Rate of Drug Offences Hits 20-Year High 

Rate of Drug Offences Hits 20-Year High 
Posted by CN Staff on July 24, 2003 at 12:11:52 PT
By Allison Dunfield, Globe and Mail Update 
Source: Globe and Mail 
The rate of drug offences in Canada is at a 20-year-high, fuelled by increases in cannabis offences and those involving synthetic drugs such as ecstasy. In 2002, police reported nearly 93,000 incidents related to the Controlled Drugs and Substances Act, a 3-per-cent jump over the previous year, Statistics Canada said in a snapshot of crime statistics released Thursday.
The rate of drug offences has risen steadily for nine years in a row, the agency said.In terms of cannabis, the majority of offences involve possession of the drug.Rates of incidents involving marijuana rose 2 per cent in 2002 and have doubled since 1991. The rates of incidence are per 100,000 population.This could change the next time Statistics Canada completes a crime survey, because a bill before Parliament would relax laws relating to possession of the drug.Under the proposed law, possession of marijuana would remain illegal, but someone caught with less than 15 grams would face only a fine.The change would do away with criminal fines and jail terms for people convicted of possession of limited quantities. Instead, they would be fined in much the same manner as a traffic violation.Currently, anyone found with 30 grams or less can be charged with common possession of the drug, while anyone with more than 30 grams can be prosecuted for intent to sell.The legislation has yet to pass Parliament, however, and it may not do so soon.In 2002, the rate of cannabis offences rose 2 per cent. Nearly three-quarters of marijuana-related offences were for possession, 15 per cent for trafficking, 12 per cent for production and 1 per cent for importation.British Columbia has traditionally had the highest rate of incidents involving possession since 1982, but rate of incidents in B.C. involving possession dropped 3 per cent in 2002.Other drug-related incidents also rose. Cocaine offences were up 1 per cent and other drug offences related to synthetic drugs such as methamphetamine (known by its street name, 'speed') rose 11 per cent.Heroin use, however, dropped 18 per cent. Source: Globe and Mail (Canada)Author: Allison Dunfield, Globe and Mail Update Published: Thursday, July 24, 2003 Copyright: 2003 The Globe and Mail CompanyContact: letters globeandmail.caWebsite: Articles:Cannabis Closer To Legalization Judge Strikes Blow for Pot Puffers Says Pot No Worse Than Alcohol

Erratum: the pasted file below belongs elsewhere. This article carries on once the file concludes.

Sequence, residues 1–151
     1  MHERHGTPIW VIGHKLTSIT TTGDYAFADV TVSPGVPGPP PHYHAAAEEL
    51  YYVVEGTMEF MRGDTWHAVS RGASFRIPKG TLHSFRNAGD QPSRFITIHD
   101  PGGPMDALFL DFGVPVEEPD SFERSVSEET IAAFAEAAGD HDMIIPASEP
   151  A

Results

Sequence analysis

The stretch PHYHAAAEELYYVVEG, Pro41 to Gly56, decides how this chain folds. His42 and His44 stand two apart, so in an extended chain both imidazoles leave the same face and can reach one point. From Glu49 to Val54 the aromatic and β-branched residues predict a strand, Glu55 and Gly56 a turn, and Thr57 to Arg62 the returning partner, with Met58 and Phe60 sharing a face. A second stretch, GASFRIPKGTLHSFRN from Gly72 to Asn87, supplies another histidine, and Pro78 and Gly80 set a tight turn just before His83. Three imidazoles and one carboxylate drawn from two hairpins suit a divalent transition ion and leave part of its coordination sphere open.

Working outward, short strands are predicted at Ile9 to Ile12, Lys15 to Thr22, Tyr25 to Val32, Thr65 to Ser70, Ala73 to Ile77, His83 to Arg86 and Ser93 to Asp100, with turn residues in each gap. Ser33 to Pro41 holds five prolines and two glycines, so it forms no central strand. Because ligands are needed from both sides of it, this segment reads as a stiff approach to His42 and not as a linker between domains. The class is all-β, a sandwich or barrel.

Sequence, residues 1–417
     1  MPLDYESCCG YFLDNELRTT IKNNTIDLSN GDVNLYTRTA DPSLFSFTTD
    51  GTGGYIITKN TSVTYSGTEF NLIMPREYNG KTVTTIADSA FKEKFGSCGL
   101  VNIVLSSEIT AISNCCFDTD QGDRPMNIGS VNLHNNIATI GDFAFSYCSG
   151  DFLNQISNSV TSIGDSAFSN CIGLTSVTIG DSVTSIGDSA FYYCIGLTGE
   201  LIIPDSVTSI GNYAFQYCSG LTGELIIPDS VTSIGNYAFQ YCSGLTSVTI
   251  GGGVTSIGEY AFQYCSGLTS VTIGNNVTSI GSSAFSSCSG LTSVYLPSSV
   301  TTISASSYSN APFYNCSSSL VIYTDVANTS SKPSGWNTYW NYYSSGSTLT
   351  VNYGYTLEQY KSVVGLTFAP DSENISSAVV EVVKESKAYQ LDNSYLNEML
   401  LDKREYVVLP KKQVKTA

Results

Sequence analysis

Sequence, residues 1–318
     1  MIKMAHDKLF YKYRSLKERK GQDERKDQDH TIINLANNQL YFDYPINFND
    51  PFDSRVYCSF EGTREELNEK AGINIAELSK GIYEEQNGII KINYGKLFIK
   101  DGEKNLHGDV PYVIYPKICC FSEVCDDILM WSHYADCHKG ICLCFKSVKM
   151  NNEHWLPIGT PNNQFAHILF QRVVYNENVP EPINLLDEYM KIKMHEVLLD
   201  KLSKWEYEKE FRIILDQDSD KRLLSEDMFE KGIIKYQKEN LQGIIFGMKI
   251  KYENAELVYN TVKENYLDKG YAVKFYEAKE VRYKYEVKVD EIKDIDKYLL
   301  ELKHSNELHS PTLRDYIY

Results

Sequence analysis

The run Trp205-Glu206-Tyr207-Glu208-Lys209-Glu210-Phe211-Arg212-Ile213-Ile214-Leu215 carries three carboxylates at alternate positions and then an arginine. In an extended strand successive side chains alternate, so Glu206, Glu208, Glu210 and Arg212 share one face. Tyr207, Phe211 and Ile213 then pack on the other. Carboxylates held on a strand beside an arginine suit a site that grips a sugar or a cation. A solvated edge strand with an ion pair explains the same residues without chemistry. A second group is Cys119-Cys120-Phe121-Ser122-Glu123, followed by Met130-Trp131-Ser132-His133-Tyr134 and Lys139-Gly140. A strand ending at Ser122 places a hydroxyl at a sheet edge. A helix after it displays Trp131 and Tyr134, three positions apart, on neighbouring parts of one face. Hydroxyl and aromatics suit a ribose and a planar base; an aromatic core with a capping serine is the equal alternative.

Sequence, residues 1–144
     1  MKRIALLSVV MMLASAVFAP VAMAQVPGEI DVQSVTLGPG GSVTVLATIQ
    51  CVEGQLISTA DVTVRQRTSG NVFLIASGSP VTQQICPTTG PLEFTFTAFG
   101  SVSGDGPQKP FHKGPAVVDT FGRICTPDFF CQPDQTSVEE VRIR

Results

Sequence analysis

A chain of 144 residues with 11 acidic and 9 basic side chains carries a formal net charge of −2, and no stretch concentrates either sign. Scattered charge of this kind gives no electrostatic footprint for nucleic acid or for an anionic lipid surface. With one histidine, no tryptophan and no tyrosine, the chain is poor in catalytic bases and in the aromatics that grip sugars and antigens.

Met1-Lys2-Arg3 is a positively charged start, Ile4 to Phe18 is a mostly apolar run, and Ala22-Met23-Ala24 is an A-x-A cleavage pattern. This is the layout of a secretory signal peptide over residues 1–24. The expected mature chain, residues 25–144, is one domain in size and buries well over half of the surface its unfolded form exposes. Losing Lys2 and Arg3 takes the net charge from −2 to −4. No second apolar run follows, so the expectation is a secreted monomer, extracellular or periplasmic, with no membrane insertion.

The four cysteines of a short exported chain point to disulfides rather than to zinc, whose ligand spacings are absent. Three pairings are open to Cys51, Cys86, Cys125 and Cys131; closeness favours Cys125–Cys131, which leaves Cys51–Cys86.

Home Comment Email Register Recent Comments Help

Comment #4 posted by FoM on July 24, 2003 at 18:02:39 PT
Dr. Russo
Thank You!
[ Post Comment ]

Comment #3 posted by Ethan Russo MD on July 24, 2003 at 15:14:42 PT:
Health Canada's Guidelines are Out!
[ Post Comment ]

Comment #2 posted by 312 on July 24, 2003 at 15:05:40 PT
Clinical cannabis in NZ!